Date of Award

Spring 5-21-2024

Document Type

Undergraduate Honors Thesis

Degree Name

Bachelor of Arts in Behavioral Neuroscience


-- College of Arts and Sciences --


Dr. Elisabeth Walcott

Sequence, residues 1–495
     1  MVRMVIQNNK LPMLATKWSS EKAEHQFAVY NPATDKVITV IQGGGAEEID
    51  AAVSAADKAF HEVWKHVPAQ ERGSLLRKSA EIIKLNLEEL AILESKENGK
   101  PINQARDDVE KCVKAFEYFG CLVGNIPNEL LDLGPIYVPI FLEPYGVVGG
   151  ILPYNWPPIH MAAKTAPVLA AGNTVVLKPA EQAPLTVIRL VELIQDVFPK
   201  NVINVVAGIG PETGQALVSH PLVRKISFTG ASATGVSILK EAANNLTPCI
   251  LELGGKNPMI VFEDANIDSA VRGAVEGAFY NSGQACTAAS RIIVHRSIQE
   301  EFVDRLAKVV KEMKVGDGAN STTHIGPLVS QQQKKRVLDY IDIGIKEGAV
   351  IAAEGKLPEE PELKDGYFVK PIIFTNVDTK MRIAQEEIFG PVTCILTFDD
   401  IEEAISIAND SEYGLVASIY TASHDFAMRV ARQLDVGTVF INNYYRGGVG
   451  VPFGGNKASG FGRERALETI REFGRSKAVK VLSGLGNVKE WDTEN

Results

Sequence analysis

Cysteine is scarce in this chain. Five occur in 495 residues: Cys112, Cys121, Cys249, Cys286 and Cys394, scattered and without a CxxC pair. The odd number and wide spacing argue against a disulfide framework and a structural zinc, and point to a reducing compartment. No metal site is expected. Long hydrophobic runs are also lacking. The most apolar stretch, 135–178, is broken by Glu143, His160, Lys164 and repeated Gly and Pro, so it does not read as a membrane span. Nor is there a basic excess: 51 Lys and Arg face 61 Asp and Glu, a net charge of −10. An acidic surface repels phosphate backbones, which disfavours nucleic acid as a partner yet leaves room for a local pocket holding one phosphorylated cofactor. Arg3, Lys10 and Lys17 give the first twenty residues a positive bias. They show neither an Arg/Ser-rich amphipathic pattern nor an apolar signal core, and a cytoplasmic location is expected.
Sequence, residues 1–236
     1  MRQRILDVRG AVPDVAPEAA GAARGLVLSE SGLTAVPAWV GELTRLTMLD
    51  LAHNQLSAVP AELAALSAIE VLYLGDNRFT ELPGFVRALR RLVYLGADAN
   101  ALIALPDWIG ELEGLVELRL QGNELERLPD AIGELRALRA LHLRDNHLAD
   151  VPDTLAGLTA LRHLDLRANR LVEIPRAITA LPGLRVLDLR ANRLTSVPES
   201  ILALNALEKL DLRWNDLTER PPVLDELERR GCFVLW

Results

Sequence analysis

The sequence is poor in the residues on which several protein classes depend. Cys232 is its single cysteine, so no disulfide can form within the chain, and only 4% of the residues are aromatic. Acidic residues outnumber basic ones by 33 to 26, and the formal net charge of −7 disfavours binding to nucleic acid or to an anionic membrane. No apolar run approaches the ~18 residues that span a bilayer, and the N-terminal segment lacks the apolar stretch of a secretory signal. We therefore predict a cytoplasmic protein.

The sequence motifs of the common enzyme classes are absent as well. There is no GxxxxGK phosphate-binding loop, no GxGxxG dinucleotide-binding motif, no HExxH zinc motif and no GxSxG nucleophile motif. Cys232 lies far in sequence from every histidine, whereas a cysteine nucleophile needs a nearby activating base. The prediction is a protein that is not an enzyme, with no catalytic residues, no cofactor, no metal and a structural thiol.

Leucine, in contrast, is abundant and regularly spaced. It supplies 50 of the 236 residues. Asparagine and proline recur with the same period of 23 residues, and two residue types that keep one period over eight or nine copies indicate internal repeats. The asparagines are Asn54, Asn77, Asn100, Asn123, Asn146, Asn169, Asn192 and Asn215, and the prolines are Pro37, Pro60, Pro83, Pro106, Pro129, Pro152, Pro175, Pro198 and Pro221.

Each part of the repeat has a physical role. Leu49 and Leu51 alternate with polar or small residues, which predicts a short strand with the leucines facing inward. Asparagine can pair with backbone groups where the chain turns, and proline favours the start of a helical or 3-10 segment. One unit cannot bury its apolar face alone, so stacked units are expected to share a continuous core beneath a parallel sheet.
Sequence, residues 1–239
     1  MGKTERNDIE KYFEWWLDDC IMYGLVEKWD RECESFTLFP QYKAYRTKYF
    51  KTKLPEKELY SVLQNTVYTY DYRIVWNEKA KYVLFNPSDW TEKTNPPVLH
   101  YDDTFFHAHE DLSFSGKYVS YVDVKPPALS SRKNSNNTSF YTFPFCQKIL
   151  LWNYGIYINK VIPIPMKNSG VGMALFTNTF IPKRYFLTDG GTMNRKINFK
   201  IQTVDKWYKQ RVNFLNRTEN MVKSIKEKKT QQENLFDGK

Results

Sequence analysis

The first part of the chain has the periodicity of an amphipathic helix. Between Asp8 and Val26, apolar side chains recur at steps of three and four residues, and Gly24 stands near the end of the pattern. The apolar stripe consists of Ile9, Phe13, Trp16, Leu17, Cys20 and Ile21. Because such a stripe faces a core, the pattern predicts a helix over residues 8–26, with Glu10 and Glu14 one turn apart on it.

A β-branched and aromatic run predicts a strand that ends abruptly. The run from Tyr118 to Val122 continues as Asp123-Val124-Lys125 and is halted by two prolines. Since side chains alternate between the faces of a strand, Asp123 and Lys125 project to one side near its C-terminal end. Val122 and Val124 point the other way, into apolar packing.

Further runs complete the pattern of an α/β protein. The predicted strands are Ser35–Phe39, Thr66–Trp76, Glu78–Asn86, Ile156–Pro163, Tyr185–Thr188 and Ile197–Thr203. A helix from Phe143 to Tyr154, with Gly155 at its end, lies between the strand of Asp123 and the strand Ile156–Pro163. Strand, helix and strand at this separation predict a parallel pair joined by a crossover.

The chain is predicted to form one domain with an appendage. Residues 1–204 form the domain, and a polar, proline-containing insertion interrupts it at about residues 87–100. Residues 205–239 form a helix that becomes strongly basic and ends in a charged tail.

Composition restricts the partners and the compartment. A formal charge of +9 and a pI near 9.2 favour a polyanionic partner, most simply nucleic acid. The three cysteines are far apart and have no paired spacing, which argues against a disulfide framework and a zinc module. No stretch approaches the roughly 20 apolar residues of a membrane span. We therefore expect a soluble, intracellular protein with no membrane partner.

Ketamine, a medication long used in anesthesia, has emerged as a promising treatment for depression and other mental health disorders. Its rapid onset of action and mechanism, which differs from traditional antidepressants by targeting NMDA receptors, offers a novel approach to managing depressive symptoms. Despite its potential, ketamine's use outside anesthesia, particularly in off-label ketamine clinics, is fraught with regulatory, safety, and accessibility challenges. This paper explores the historical medical use of ketamine and its emerging role in mental health treatment. It compares the efficacies and administration routes of different forms of ketamine, including intravenous (IV) and intranasal (nasal spray) forms. It highlights the distinctions between ketamine and its S-isomer, esketamine (Spravato), which was FDA-approved in 2019 for treatment-resistant depression. Given the substantial evidence supporting ketamine's promise as a treatment for depression and other mental health conditions, the paper concludes by emphasizing the importance of developing strategies that prioritize safety, efficacy, and widespread accessibility, ensuring ketamine can fulfill its potential as a transformative mental health therapy for many.